CHICAGO, IL – According to BP’s recently released Statistical Review of World Energy 2006, consumption of oil in the United States dropped 0.16% in 2005 from the year before, declining slightly from an average of 20.732 million barrels per day (mbpd) to 20.655 mbpd. Global consumption of oil, however, increased 1.3% from 2004 to 2005, climbing from 81.444 mbpd to 82.459 mbpd. U.S. share of global consumption thus dropped from 25.46% to 25.05%. Small as it was, the 2005 decline in U.S. consumption was the first since 2001, when it dropped 0.27% to 19.649 mbpd. China, the second-largest consumer of oil behind the United States, saw its consumption climb 2.9% from 6.772 mbpd to 6.988 mbpd. Japan, the third largest oil user, also increased consumption 1.4% from 5.286 mbpd to 5.360 mbpd. Meanwhile, oil production in the United States continued its decline, dropping 5.5% in 2005 to 6.820 mbpd — assisted in that loss by the impact of the hurricanes in the Gulf. Worldwide, oil production — including crude oil, shale oil, oil sands, and natural gas liquids — increased by 1% in 2005 to 81.088 mbpd.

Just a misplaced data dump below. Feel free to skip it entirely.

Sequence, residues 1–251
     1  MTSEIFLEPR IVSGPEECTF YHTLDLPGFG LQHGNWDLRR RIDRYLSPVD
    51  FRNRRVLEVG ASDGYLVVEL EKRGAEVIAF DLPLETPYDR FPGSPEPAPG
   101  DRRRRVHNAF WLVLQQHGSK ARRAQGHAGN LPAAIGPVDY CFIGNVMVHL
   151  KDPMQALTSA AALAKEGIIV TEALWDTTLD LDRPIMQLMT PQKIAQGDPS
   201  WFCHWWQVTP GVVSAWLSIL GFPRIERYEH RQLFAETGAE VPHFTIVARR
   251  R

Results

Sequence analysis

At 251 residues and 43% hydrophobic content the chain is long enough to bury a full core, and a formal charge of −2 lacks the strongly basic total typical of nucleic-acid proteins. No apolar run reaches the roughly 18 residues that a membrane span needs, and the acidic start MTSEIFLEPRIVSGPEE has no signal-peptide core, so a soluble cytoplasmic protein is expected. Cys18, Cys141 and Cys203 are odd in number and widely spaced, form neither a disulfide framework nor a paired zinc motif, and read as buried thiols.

Originally posted on Fleet Financials